100Gbps with 6G sub-terahertz device achieved

12th April 2024
Sheryl Miles

NTT DOCOMO, NTT Corporation, NEC Corporation, and Fujitsu jointly announced the development of a top-level (1) wireless device capable of ultra-high-speed 100Gbps transmissions in the 100GHz and 300GHz sub-terahertz bands.

The four companies have been jointly conducting R&D on sub-terahertz devices since 2021 in anticipation of the coming 6G era. To date, tests of a jointly developed wireless device have achieved ultra-high-speed 100Gbps transmissions in the 100GHz and 300GHz bands at distances of up to 100 meters.(2) By comparison, 100Gbps is approximately 20 times faster than the maximum 4.9Gbps (3) data rate of current 5G networks.

Verification test in the 100GHz and 300GHz bands

The roles and achievements of the four participating companies are described below.


After analysing the wireless system configuration and performance required for 100GHz telecommunications applications, DOCOMO developed wireless transmission equipment capable of transmitting data rates equivalent to 100Gbps at a distance of 100 meters.


Based on research into 300GHz wireless devices and related equipment such as wideband mixers, NTT developed a top-level wireless device capable of transmitting 100Gbps per channel at a distance of 100 meters in the 300GHz band.(1)


After analysing a wireless system configuration for telecommunications in the 100GHz band, NEC developed a multi-element active phased array antenna (APAA) (1) consisting of more than 100 antenna elements.


After researching compound semiconductor technologies that enable high-output, high-efficiency signal amplification to extend communication range and reduce power consumption in the 100GHz and 300GHz bands, Fujitsu achieved the world's highest power efficiency (4) in a high-output amplifier.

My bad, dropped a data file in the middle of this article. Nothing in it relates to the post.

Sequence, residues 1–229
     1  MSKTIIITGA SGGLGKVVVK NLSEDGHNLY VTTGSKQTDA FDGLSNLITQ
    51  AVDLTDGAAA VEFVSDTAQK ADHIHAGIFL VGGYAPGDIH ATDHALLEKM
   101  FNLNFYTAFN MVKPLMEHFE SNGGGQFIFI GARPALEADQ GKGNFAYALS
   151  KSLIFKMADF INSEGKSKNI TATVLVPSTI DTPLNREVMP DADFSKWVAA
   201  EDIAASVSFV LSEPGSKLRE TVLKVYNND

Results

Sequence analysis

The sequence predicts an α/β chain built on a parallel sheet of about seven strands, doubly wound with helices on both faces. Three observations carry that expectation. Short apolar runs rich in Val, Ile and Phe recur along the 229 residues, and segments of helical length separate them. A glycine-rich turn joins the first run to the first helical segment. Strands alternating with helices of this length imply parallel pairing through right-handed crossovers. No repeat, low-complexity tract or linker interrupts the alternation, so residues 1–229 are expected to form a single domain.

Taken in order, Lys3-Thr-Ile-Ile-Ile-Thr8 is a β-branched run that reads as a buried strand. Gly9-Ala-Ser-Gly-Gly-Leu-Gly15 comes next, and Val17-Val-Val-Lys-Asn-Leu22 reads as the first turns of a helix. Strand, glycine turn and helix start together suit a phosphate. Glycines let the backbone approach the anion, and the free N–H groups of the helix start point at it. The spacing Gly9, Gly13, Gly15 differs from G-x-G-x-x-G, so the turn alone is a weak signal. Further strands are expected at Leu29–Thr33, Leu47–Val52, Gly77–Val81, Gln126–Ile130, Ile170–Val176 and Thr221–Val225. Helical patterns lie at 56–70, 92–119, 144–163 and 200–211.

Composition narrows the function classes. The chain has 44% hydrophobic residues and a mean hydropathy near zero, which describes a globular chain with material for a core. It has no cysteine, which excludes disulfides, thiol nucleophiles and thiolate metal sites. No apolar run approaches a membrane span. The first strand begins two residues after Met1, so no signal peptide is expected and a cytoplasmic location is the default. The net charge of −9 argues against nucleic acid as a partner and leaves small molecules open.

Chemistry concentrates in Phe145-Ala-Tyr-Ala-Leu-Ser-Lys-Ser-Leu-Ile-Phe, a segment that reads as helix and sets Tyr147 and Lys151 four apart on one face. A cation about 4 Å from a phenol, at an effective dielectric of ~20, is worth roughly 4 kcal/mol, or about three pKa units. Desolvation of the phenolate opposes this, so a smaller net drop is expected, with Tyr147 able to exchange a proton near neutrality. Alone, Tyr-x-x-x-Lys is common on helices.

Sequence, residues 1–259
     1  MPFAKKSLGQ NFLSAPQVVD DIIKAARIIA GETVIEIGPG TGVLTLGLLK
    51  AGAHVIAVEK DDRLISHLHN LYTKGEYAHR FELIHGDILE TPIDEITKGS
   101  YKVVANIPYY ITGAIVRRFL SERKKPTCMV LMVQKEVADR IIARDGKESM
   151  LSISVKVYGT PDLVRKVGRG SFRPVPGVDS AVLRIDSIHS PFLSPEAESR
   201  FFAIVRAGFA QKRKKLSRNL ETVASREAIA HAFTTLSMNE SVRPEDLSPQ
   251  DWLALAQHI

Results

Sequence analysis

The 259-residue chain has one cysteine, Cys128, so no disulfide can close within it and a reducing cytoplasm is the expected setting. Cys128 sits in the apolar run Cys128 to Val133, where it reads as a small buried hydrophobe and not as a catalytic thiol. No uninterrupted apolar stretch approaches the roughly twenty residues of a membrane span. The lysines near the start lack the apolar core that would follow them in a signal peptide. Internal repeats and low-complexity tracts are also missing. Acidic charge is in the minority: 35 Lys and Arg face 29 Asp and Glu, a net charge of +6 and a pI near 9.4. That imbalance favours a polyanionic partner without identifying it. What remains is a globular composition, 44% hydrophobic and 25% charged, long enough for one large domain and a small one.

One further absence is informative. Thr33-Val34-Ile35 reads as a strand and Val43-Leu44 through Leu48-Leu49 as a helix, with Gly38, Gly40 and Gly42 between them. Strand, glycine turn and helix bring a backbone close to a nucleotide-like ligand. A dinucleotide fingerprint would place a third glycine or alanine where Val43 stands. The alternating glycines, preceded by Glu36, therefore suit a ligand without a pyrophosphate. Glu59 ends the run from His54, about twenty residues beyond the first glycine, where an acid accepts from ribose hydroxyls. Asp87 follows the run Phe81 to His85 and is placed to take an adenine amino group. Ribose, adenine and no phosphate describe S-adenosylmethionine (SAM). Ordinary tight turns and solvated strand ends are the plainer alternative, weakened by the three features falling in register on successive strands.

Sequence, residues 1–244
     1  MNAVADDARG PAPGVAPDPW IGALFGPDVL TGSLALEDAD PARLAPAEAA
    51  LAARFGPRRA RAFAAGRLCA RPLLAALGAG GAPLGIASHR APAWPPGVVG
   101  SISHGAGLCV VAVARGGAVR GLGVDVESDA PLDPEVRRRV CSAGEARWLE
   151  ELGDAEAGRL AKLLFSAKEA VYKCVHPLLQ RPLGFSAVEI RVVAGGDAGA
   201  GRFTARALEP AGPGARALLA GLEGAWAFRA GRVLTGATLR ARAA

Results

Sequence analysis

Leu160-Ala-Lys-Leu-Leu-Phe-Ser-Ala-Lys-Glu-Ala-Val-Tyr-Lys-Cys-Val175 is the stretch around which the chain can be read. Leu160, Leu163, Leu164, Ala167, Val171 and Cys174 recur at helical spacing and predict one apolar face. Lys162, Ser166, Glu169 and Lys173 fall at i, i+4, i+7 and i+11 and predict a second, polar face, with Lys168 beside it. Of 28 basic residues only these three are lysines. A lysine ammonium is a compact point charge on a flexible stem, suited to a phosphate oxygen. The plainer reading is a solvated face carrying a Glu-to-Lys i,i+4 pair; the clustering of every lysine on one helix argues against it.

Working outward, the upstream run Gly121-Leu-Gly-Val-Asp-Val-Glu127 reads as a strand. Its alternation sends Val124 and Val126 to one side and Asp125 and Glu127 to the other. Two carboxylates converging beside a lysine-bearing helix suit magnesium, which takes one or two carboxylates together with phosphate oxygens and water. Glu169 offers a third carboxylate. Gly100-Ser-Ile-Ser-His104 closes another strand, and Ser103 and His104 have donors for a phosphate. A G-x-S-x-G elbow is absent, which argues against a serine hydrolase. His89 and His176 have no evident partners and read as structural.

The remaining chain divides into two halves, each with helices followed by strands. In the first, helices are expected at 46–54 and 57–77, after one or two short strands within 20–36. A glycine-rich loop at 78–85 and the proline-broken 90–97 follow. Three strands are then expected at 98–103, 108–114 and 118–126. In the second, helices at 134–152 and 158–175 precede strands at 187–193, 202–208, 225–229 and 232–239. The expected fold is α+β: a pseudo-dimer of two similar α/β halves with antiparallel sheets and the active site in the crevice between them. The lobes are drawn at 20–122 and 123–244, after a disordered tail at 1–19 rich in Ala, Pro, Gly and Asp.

In the 6G era, when wireless networks are envisioned supporting diverse applications ranging from ultra-HD video streaming to real-time control in autonomous vehicles, as well as increasing communication demands, high-capacity wireless communication is expected to be achieved by exploiting the abundant bandwidth available in the sub-terahertz band from 100GHz to 300GHz. However, compared to 28GHz and other millimetre bands used in current 5G systems, the much higher frequencies of the sub-terahertz band will require entirely different wireless devices that are now being developed from scratch. To be successful, this effort will need to overcome several key challenges, such as determining the specific performance requirements of wireless devices operating in the sub-terahertz band, and then actually developing such devices.

Going forward, the four companies will continue to conduct extensive R&D into sub-terahertz telecommunications, leveraging each company's strengths in various initiatives to contribute to 6G standardisation.

Note: The research and development mentioned herein includes results from the ‘Research and Development for Expansion of Radio Wave Resources’ project conducted on behalf of the Ministry of Internal Affairs and Communications.

[1] This assumes that as of March 2024, no other entity has announced 1) achievement of 100 Gbps transmission over a distance of 100 meters in the 100GHz band (according to NEC); 2) achievement of 100Gbps transmission over a distance of 100 meters in the 300GHz band (according to NTT); and 3) achievement of an equivalent isotropic radiation power (EIRP) of 50dBm and a beam steering angle of approximately ±30 degrees using 100 or more APAA elements in the 100GHz band (according to NEC).

[2] The transmitter and receiver are facing each other in a straight line with no obstacle between them.

[3] Maximum values specified in technical standards, but not representing the actual data rate, provided on a best-effort basis. Actual data rates may vary depending on the communication environment and network congestion.

[4] World's highest efficiency under specific high-power conditions in the 100GHz and 300GHz bands, respectively, according to Fujitsu as of March 2024.

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